Jupiter Hell Review – PC

Jupiter Hell, developed by Chaosforge out of Poland, is the spiritual successor to a small game called Doom Rogue Like (otherwise known as DRL) and a self-proclaimed “de-make” of the iconic formula fit into a simple and addictive package. Appropriately described as “chess with shotguns,” Jupiter Hell is a true roguelike, meaning your objective is to complete the game in a single life causing you to die repeatedly and start from scratch. The repetitive nature of this gameplay loop is alleviated by randomly generated levels, enemies, and loot each time you play. The game’s lifecycle has a long and storied history. What started as a proof-of-concept later became a joke to incorporate Doom assets. After legal warnings were issued by Doom property owners, Zenimax Media Inc., the developer scrubbed the title clean of all proprietary assets. Needing a fresh influx of capital to finish the project, a crowdfunded Kickstarter campaign was formed that picked up traction with larger publications. The game was later put into early access sales on the Steam digital storefront. Initially coded in just 11 days, Jupiter Hell has been updated for nearly two decades and now launches its 1.0 update. None of these trials and tribulations will be apparent when you first crash-land on the moons of Jupiter and begin your first foray into this bloody demon-plagued world.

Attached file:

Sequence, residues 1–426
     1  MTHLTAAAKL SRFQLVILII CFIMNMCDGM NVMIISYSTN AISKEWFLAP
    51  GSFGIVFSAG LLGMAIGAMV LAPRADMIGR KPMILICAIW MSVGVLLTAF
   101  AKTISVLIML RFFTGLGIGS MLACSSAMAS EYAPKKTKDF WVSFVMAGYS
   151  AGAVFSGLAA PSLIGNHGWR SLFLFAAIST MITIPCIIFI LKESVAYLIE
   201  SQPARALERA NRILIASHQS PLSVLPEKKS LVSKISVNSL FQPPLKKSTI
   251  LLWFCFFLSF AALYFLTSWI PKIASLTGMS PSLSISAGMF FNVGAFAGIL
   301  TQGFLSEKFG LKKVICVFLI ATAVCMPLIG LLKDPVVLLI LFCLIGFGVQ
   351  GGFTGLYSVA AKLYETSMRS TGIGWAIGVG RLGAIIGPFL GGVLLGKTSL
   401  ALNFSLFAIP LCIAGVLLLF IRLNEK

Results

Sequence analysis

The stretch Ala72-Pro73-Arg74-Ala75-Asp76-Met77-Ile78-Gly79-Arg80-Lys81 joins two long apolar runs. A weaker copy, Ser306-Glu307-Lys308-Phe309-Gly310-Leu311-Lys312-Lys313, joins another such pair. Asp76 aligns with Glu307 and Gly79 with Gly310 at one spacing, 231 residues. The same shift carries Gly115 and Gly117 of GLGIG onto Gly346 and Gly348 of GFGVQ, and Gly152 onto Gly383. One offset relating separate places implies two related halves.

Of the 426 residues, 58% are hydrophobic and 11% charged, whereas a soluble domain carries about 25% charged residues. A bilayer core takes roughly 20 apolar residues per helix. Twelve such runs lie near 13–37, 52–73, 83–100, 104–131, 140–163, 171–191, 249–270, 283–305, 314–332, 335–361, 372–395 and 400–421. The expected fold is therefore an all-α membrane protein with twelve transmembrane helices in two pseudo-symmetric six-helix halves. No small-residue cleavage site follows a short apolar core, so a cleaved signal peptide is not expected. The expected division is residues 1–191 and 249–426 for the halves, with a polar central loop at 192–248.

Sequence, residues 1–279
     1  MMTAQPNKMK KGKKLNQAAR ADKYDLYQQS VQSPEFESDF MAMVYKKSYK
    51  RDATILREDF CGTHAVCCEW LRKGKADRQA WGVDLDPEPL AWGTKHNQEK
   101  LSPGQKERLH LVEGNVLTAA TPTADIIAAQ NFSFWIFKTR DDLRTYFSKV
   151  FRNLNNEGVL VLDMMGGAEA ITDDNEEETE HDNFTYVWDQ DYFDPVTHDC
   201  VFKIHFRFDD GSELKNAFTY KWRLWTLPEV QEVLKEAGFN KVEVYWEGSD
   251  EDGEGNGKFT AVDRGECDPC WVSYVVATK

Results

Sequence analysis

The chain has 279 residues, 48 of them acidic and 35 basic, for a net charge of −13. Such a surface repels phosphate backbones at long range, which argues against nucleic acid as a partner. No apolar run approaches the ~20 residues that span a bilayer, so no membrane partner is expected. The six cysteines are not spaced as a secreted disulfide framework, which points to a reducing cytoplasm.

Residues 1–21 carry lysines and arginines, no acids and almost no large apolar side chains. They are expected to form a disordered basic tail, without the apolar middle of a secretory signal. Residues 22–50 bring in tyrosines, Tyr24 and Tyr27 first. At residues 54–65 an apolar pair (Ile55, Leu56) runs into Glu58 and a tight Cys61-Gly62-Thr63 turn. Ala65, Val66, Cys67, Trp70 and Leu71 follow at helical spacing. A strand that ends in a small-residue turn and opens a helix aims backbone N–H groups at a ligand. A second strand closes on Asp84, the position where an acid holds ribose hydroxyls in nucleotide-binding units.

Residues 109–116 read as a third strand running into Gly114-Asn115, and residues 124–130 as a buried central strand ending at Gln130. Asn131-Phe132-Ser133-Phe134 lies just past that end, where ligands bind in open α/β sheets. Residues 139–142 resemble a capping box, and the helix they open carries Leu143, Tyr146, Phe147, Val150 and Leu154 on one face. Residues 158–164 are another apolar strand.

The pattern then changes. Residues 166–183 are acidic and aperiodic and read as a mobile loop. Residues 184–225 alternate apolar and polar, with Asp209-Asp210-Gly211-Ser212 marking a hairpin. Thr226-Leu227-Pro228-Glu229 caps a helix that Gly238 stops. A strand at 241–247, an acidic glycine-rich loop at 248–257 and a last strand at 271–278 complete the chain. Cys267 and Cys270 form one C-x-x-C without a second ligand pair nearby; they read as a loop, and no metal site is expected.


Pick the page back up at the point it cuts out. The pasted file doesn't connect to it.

It’s important to set expectations for Jupiter Hell as it is the Doom formula that fits into the mechanics of this niche genre. For the uninitiated, a roguelike game is defined as having random environments, permanent death, and a turn-based grid environment. This definition is fluid and muddied as people and organizations have tried to put their finger on the genre. Most if not all definitions have fallen short including my previous description because in fact Tetris could then be considered a roguelike. But I digress. The point in defining this genre is to make sure you know what you’re in for. If you find this interesting and would then like to take it a step further and learn the nuances between a roguelike and a roguelite, I would direct you to the scores of passionate computer science majors who would like nothing better than to tell you the “right” answer. This pedantic black hole aside, I would define this game as a roguelike per its developers’ description and leave it at that. The systems governing these specificities are of note because they directly shape the way you interact with Jupiter Hell.

You’ll spend your time picking up increasingly better guns, grenades, artifacts, and armor. You have the classic medical packs and modification pickups, but once you gain enough experience points you’ll be prompted to choose an upgrade path that ultimately favors one style of play over another. Each movement, reload, and attack counts as a single move to which your enemy will be given a chance to respond. As you progress from elevator to elevator and moon to moon, enemies will become more varied and difficult. You will ultimately encounter a final boss, but the fun is found in how you get there then where you’re going. Will you choose to build your player as a hulking melee machine or perhaps a crack-shot pistol-wielding cowboy who favors distance and accuracy. Each time you die, all experience and loot is lost, setting you back to literal and figurative square one. The colorful descriptions of each decision leave you wanting to come back time and time again to forge a different path through this fluid and dynamic world.